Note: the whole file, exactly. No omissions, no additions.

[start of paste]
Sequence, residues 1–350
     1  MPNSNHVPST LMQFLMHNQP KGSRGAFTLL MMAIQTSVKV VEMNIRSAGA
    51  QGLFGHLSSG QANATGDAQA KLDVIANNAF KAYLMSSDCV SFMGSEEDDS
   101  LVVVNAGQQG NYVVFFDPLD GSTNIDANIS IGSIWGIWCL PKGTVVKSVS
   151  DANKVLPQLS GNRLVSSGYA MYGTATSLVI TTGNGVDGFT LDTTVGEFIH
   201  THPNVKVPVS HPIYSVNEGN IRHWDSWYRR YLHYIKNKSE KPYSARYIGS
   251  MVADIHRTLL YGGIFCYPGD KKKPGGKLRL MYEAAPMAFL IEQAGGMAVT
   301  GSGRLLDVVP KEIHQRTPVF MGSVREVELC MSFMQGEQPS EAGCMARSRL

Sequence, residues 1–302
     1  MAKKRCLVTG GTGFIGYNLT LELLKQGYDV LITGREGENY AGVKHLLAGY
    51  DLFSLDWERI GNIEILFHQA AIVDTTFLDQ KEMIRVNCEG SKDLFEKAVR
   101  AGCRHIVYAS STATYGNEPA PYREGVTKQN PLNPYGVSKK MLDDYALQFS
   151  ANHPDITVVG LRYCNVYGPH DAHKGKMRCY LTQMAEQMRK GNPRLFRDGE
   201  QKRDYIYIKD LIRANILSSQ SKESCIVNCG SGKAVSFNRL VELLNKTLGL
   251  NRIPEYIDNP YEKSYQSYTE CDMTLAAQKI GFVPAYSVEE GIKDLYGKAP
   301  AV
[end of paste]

Sequence, residues 1–350
     1  MPNSNHVPST LMQFLMHNQP KGSRGAFTLL MMAIQTSVKV VEMNIRSAGA
    51  QGLFGHLSSG QANATGDAQA KLDVIANNAF KAYLMSSDCV SFMGSEEDDS
   101  LVVVNAGQQG NYVVFFDPLD GSTNIDANIS IGSIWGIWCL PKGTVVKSVS
   151  DANKVLPQLS GNRLVSSGYA MYGTATSLVI TTGNGVDGFT LDTTVGEFIH
   201  THPNVKVPVS HPIYSVNEGN IRHWDSWYRR YLHYIKNKSE KPYSARYIGS
   251  MVADIHRTLL YGGIFCYPGD KKKPGGKLRL MYEAAPMAFL IEQAGGMAVT
   301  GSGRLLDVVP KEIHQRTPVF MGSVREVELC MSFMQGEQPS EAGCMARSRL

Sequence, residues 1–302
     1  MAKKRCLVTG GTGFIGYNLT LELLKQGYDV LITGREGENY AGVKHLLAGY
    51  DLFSLDWERI GNIEILFHQA AIVDTTFLDQ KEMIRVNCEG SKDLFEKAVR
   101  AGCRHIVYAS STATYGNEPA PYREGVTKQN PLNPYGVSKK MLDDYALQFS
   151  ANHPDITVVG LRYCNVYGPH DAHKGKMRCY LTQMAEQMRK GNPRLFRDGE
   201  QKRDYIYIKD LIRANILSSQ SKESCIVNCG SGKAVSFNRL VELLNKTLGL
   251  NRIPEYIDNP YEKSYQSYTE CDMTLAAQKI GFVPAYSVEE GIKDLYGKAP
   301  AV